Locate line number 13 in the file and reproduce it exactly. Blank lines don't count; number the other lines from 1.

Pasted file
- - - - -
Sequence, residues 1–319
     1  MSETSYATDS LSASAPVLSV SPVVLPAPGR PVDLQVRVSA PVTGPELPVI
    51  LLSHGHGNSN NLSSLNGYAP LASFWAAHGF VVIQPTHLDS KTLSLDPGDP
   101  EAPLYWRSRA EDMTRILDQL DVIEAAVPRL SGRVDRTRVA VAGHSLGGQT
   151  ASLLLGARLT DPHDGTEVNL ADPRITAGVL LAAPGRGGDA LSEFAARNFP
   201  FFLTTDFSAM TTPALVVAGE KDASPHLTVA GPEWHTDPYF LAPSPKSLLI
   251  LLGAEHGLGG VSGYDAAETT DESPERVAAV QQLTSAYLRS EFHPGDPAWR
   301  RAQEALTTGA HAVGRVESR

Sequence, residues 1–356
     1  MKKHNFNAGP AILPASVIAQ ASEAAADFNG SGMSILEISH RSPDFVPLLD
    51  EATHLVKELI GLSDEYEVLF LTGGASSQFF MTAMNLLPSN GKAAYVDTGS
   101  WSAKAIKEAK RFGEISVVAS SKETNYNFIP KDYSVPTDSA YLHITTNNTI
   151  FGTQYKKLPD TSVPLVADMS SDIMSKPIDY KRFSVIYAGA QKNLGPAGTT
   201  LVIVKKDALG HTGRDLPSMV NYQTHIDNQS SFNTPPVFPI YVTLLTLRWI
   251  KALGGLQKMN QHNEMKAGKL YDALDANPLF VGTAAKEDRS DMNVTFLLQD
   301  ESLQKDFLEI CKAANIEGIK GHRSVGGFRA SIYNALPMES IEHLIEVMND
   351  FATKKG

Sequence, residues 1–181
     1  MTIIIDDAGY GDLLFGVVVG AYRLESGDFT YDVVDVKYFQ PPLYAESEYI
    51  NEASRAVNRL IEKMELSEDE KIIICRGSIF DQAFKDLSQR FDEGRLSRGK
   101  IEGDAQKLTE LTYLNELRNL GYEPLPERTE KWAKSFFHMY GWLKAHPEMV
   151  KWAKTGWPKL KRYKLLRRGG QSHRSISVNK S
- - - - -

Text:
   151  FGTQYKKLPD TSVPLVADMS SDIMSKPIDY KRFSVIYAGA QKNLGPAGTT